Prior to his French Open defence, here’s Rafael Nadal looking particularly contemplative.
Background: Boris Johnson has been re-elected moyor of London for a second term, beating Ken Livingstone by a narrow margin.
Boris Johnson is very lucky to be re-elected. Why? Because the biggest second-preference vote was “no-one”. If voters had used their form to the full, he could have easily lost. Here’s why:
First round votes:
So, no overall majority, but Boris is ahead. However, count up the non-Boris, non-Ken votes and you have 346,626.
On the second preference votes, Boris won:
|First preference votes||Second preference votes||Total|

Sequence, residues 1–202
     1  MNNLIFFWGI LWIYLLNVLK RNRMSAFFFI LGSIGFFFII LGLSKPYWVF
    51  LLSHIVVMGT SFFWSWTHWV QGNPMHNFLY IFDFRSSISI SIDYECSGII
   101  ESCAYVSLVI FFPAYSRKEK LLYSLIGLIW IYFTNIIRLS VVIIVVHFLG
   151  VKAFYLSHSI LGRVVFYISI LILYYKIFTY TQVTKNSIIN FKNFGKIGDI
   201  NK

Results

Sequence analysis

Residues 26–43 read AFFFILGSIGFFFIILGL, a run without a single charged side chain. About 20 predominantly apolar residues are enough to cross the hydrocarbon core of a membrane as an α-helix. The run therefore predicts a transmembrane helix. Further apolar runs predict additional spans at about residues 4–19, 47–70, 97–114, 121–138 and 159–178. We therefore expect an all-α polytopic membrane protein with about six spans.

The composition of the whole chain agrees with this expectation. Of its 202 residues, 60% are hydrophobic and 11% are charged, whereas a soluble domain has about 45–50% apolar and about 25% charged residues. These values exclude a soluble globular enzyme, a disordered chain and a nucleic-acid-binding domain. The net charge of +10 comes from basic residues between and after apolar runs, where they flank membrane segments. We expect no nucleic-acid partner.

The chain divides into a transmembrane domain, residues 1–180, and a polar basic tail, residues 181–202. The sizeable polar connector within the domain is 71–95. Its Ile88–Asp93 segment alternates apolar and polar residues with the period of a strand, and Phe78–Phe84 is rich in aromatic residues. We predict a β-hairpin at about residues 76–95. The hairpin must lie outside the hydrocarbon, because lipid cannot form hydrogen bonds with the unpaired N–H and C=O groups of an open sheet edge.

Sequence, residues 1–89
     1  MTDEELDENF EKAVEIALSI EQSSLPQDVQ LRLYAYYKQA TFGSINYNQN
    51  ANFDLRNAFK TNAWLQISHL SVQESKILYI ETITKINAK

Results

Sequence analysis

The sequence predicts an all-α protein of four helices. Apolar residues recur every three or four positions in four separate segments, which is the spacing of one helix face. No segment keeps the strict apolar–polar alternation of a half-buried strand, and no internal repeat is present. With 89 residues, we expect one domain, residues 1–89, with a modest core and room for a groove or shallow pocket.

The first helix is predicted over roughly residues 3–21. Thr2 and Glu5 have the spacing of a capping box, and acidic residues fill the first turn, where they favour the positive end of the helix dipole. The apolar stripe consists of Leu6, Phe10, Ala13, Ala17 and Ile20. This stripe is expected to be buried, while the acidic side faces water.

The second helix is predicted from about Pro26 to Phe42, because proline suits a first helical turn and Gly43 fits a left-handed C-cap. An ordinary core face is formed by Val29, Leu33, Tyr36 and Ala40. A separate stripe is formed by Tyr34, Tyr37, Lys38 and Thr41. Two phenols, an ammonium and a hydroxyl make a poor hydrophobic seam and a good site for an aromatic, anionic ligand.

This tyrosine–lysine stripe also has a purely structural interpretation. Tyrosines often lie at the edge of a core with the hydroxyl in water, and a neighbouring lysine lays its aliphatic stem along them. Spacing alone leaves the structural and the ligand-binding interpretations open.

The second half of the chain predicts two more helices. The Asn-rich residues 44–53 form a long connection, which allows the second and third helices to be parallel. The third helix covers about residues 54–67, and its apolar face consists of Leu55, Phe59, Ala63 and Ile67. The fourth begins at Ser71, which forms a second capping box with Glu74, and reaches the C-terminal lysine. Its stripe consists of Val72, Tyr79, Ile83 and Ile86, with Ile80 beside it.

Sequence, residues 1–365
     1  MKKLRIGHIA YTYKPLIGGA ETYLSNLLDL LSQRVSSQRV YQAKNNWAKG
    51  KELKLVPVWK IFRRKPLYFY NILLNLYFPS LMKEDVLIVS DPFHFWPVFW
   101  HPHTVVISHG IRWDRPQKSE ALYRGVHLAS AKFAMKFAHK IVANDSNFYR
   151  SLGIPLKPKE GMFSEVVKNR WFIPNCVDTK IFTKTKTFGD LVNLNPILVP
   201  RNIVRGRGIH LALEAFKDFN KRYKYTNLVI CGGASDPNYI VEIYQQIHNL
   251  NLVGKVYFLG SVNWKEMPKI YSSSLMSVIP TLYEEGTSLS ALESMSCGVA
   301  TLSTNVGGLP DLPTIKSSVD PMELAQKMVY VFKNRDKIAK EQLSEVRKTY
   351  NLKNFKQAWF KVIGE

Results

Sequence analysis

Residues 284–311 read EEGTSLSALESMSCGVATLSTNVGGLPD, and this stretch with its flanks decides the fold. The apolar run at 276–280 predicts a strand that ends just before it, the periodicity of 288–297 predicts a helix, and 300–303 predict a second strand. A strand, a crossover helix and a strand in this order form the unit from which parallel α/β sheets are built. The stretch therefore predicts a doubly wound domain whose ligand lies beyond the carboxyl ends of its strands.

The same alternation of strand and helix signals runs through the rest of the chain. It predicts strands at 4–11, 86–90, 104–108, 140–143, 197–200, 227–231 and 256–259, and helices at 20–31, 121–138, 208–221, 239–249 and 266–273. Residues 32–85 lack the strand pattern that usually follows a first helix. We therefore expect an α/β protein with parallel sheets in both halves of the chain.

But total up the second preference votes distributed – it comes to 185,235. That leaves 161,391 votes left “on the table”. Boris won by 62,538.
If those 161,000 votes had gone 70-30 to Ken, it’s Ken in City Hall. Quite a big ask, but do-able. There were lots of people who voted for the less-likely candidates for first choice, and then either didn’t put an “X” in the box for their second choice, or voted for another minority candidate. Perhaps they didn’t like either Boris or Ken – fair enough, but those 46 per cent have just lost the chance to make a big difference in the outcome of the election.
It shows how courting minority parties – just as Sarkozy and Hollande have had to do in France – can be the difference between winning and losing.